I would like to take some time to focus on parents who have lost a child and have other living children. I plan to talk about the sibling survivor experience to give you an idea of what they are going through.
I would like to start by talking about their grief. While I was attending The Compassionate Friend’s National Conference and the Bereaved Parents of the USA gathering this past July, the question I heard most was, “Are my children grieving, because I do not see it?”
While I can’t speak for all siblings, what I can say in general is “yes, they are most definitely grieving.” You as a parent may not see them grieving because they may not necessarily be doing it in front of you, but they are grieving. It is important to understand that they feel the loss of their brother or sister just as acutely as you feel the loss of your son or daughter. Think about it for a moment — their brother or sister was close to them, perhaps even their best friend, someone who might have understood them better than they understood themselves.
As a two-time sibling survivor, I can speak to what this is like. When my sister was murdered in 1996, I was totally unprepared for it. This was really not something I thought I would ever deal with in my life. I just naturally assumed that my older sister would be there for me through all of the milestones in my life. I thought she would be there when I got married and when I had children. She would be there to be a sounding board when I wanted to change careers or when something was bothering me and all of that suddenly, so abruptly ended. I had never even given a thought that my sister would not be here.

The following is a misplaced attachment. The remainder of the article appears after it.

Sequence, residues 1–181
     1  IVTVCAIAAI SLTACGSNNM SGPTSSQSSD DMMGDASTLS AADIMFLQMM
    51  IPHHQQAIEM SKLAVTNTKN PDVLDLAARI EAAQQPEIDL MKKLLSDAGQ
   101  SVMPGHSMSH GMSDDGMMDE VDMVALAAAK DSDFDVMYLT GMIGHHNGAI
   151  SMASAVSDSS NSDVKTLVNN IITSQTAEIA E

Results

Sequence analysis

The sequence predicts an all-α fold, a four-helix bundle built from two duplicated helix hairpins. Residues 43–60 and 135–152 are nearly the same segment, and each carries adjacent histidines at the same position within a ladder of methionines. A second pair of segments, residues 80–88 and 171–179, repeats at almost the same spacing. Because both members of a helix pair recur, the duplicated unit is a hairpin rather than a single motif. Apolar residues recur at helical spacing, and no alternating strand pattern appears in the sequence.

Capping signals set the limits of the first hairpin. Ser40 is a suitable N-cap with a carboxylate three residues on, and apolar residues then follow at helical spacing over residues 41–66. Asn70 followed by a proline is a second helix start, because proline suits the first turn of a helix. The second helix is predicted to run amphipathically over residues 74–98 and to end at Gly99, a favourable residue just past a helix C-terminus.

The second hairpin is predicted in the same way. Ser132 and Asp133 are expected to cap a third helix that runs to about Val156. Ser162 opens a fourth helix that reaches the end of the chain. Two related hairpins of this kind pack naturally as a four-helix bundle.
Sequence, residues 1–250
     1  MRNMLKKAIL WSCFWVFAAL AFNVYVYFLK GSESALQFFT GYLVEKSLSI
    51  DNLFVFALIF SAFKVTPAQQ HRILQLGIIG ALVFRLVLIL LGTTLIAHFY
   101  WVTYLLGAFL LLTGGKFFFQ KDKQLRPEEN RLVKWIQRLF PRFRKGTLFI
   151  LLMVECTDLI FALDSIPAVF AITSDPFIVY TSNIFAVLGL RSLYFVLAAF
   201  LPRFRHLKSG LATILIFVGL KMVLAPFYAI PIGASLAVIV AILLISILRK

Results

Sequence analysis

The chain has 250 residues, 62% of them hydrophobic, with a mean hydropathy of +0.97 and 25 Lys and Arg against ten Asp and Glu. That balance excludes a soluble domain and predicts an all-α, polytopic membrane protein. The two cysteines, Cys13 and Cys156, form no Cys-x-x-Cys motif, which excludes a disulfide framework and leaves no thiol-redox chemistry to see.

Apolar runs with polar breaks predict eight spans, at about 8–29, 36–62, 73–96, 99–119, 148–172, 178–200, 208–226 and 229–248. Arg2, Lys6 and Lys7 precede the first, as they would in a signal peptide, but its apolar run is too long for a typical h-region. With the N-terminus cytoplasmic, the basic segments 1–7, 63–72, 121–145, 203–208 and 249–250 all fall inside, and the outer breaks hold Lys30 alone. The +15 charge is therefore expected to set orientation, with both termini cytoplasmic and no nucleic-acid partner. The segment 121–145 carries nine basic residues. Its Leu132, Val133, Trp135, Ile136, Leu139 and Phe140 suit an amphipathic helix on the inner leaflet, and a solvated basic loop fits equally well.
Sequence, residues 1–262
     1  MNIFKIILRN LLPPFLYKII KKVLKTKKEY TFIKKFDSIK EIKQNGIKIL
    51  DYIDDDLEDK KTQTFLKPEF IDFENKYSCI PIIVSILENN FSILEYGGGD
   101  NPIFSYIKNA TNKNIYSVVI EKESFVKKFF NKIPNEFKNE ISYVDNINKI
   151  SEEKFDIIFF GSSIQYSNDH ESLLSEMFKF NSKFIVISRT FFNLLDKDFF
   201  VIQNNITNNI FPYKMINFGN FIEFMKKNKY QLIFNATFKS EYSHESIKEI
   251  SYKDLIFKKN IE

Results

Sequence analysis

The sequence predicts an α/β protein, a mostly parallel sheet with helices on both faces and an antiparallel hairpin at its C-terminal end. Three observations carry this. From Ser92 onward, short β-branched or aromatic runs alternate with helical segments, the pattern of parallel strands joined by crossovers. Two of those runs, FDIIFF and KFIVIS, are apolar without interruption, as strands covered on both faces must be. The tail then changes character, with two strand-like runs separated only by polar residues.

Luckily, I have a younger sister who can talk to about some of these things but as you know, every sibling relationship is unique and you have different one’s that you go to for different things. Therefore, are we grieving? Absolutely without a doubt, we are grieving.
Where are we grieving? Well, it all depends on the age. As for me, I was 28 years old, so I lived on my own, had my own apartment. I grieved away from my parents, in my own home and talked with my friends and colleagues and even my therapist. However, we are grieving with our friends. In this day and age with all of the social media websites and the internet, we have many more places where we can go to find like people. There are multiple groups on Facebook for siblings and this is a great thing. I did not have all of that in 1996 and I felt very alone.
Nevertheless, it can be a very lonely experience for us. It is lonely because a lot of times, no one acknowledges our loss. No one asks how we are doing. My experience was like this. I was living in Boston, my parents are from Boston, and people would come up to me and ask how my parents were and understandably so, but no one asked how I was.
I started to question whether my loss was less significant than theirs was. Think about that for a moment; is your living child’s loss less significant? Absolutely not. It is different from yours but it is no less significant. It is hard when our loss is not acknowledged, when people are not asking how we are.
What can you do to help your children with their grief? Ask your children how they are doing. Share how you are feeling. They know you’re grieving. They know that you are sad and that can be really tough for your children to see. No matter how young or old your child is, no child wants to see their parent hurting, just as a parent does not want to see their child hurting.
In future posts, I will talk more about your grieving and how that affects your children. However for now, what I would like you to know is that yes, our children are grieving.